Odd as it may seem at first, there seems to be a direct correlation between how we dress and who we believe ourselves to be.
It has been accepted fact that the way you dress has a significant impact on how others see you. Certain clothes convey certain messages, to certain people. Just think of how differently your mind makes assumptions based on whether someone is wearing a baseball hat, a stetson, a turban and a kippah (yarmulke). Do we not make certain assumptions? Of course we do. Whether we are imprisoned by those assumptions once we get to know the person is a different story, but we all form opinions based on first impressions and the way someone is dressed is one of the most accessible cues we receive when forming our opinions.
But, there is more to this than just first impressions. There is some research that indicates that we see ourselves differently, to the extent that we actually use different cognitive skills, depending on how we are dressed.
In other words, we tend to believe about ourselves what we are trying to tell the world we are.
I’d thought about this as I was reading 2 Samuel 12. In one of the darkest seasons of King David’s life, we see him slogging through the fallout from his adulterous liaison with Bathsheba, the orchestrated death of her husband in battle, and then the death of the child that David’s abuse had conceived. After the baby passed away there was much that David would like to leave behind, as would any of us.
Singer/musician John Mayer, in a powerfully sad song called “Split Screen Sadness” writes this dynamic line that has stuck with me for years:
Cause I can’t wait to figure out what’s wrong with me
So I can say this is the way that I used to be
There’s no substitute for time
- John Mayer
Some seasons in our lives – whether due to sorrow, sickness, stress or sleeplessness – we just want to leave behind. Certainly as Christians we want to learn from those seasons, try to take away lessons and grow as people on the other side; at least that’s the churchy way we tend to try and comfort ourselves. But the reality of the brokenness of the world is very plain: some things we just want to leave behind as quickly as possible.
David finds himself in one of these moments. And his response?
And David said to his servants, “Is the child dead?” They said, “He is dead.” Then David arose from the earth and washed and anointed himself and changed his clothes. And he went into the house of the Lord and worshipped.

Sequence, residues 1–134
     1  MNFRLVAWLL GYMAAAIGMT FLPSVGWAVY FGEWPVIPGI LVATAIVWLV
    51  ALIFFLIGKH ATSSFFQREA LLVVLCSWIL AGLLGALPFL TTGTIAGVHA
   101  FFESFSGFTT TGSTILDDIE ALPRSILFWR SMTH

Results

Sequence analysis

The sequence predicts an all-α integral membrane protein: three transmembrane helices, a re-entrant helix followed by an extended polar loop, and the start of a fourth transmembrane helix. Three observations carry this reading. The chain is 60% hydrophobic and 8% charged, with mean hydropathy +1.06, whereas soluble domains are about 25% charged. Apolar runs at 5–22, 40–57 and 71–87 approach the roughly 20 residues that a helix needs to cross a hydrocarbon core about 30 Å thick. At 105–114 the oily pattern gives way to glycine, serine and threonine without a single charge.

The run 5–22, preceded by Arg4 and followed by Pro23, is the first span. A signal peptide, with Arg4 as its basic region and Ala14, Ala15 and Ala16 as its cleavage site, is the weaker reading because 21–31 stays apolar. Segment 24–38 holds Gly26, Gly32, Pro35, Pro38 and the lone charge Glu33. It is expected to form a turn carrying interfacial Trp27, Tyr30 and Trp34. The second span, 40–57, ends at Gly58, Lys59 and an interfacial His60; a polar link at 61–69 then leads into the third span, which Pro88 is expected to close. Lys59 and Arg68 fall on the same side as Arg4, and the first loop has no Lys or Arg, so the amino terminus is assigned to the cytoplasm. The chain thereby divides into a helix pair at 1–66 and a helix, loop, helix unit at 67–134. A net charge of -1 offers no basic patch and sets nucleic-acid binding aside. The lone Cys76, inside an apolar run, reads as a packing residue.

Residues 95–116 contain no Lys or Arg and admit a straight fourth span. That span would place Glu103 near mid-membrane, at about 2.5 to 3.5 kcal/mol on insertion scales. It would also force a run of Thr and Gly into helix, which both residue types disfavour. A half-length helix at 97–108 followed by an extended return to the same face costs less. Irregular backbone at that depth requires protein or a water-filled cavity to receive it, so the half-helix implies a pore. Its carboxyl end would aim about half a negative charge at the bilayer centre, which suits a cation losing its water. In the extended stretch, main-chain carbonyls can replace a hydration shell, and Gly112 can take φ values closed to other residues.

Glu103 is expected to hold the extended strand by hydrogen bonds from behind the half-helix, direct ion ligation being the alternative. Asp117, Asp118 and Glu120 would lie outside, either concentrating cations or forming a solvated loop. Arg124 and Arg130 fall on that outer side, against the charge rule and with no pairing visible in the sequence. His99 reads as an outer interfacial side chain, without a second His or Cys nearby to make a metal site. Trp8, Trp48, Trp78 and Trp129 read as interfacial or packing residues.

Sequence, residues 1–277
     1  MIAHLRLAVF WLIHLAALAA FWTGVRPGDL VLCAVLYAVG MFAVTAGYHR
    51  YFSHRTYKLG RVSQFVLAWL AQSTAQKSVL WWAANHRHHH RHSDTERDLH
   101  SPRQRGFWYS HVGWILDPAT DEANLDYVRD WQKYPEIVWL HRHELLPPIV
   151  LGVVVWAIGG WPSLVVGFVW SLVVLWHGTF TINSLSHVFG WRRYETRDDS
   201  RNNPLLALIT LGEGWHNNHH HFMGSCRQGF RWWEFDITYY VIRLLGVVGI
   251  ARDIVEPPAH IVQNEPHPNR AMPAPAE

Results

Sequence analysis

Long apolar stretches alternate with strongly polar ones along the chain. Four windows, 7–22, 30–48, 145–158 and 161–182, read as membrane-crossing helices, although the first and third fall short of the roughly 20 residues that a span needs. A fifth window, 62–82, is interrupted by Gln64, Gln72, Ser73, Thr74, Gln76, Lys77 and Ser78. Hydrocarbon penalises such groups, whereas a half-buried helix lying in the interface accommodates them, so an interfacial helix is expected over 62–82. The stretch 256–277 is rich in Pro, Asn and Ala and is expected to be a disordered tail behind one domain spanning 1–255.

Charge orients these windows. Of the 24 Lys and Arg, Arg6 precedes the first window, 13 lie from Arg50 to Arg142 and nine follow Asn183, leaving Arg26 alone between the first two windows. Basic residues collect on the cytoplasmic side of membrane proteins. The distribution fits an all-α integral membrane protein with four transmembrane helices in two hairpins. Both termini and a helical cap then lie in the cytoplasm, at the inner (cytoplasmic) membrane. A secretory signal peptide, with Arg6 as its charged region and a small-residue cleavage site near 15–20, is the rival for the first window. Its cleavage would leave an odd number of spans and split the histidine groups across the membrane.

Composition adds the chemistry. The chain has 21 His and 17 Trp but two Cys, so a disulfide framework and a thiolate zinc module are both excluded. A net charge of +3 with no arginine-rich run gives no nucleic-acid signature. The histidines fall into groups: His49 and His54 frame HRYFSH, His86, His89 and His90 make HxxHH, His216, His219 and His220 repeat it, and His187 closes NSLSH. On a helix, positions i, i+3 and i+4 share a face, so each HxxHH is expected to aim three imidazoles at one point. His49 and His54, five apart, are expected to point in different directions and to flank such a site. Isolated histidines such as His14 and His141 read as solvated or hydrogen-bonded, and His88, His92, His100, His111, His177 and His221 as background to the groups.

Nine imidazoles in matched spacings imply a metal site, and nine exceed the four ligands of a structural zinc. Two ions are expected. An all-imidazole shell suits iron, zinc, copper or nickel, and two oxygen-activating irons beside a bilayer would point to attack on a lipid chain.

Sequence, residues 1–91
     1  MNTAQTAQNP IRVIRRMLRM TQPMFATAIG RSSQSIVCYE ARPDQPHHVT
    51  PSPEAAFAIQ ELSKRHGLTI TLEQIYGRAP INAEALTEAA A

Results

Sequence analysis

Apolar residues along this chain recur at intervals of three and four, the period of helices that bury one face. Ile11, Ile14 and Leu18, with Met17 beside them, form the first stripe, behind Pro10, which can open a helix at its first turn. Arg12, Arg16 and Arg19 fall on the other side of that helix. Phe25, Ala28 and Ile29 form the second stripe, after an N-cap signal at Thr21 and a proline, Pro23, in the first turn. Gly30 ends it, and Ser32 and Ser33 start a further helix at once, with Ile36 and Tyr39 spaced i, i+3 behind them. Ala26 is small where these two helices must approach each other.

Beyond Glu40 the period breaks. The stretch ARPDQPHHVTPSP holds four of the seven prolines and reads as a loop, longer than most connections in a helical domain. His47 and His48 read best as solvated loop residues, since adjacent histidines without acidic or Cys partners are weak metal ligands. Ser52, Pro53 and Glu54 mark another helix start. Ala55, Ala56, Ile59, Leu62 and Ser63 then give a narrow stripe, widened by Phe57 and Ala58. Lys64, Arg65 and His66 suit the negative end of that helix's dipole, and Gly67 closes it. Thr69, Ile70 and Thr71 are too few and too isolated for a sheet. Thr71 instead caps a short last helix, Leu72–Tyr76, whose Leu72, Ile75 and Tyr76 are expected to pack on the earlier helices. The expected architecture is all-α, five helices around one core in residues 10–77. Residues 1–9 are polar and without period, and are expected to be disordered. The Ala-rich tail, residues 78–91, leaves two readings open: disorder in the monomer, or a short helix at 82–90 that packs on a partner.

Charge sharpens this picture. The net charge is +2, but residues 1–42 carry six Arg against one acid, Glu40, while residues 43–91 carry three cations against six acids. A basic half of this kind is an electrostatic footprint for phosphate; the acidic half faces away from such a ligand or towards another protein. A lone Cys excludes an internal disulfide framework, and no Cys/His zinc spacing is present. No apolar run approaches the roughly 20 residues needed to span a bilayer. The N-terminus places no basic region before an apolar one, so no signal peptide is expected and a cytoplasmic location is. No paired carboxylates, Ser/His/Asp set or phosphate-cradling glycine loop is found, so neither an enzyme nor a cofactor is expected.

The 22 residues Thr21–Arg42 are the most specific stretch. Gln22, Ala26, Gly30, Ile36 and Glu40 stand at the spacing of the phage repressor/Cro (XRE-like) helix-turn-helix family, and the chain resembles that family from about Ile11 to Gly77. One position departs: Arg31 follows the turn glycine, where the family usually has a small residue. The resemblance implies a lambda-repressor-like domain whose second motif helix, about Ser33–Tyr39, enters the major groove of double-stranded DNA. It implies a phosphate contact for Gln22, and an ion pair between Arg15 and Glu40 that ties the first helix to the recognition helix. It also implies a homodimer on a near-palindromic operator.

2 Samuel 12.19-20
“…and changed his clothes.”
This was just as much for David as it was for anyone who was watching. It was time to leave that season of sorrow and mourning and struggle and sin on the floor. A new shirt, one that was not saturated with tears, one that was not wrinkled from having arms crossed, holding his own chest together as he prayed, one that was not dirty from laying on the ground in desperation and guilt – a new shirt was in order not because he cared about how he was being perceived, but because he needed to be reminded that the season was over.
In Ephesians, Paul uses similar imagery – “putting off” the old self so we can “put on” the new (Eph. 4.22-24) – to describe what spiritual growth (sanctification) looks like. It is not ignoring the truth of the hardest parts of life, and it is not a sweeping under the rug the places of our failure and fault. To the contrary, it is allowing those conditions and experiences to be acknowledged as clothing we wore, and then removing them from our future by putting on something new, something fresh, something hopeful.
Some of this looks very spiritual. It happens in prayer, in reading the Scriptures and finding God’s blessed transformation to be present to us in those moments of soul-formation. But some of this looks very physical, very practical. Sometimes we need to get out of bed, off the couch, get home from work and literally change our clothes. Let the stress, struggle and even sinful failures fall behind us as we make a declaration to the world and ourselves, “that was then, but this is now.” We talk about repentance, and we should. Btu after we’ve repented, asked for forgiveness, sought a new direction, perhaps one of the missing pieces is that we don’t pursue actual acts of repentance; we need a tangible expression of spiritual change to remind us that the only thing changing is not our heart, but our life.
It’s not that odd, and it’s certainly not something we are unaccustomed to doing. Many of us “get ready for bed” by changing our clothes, who doesn’t see the wisdom in putting on an old shirt to fry fish or dressing formally for a night wedding? Graduates put on robes, and soldiers put on fatigues. It’s not as if we don’t already believe and engage this practice in many areas of our life. Why would we think it hyper-spiritual or strange to “get ready for a better season,” or leaving an old one behind, by putting on a different shirt?
David didn’t think it strange at all. Neither did Jesus. He left his death clothes behind, folded up in His grave, and wore something new to deliver the greatest news in history. Old clothes have passed away, behold, all shirts are being made new.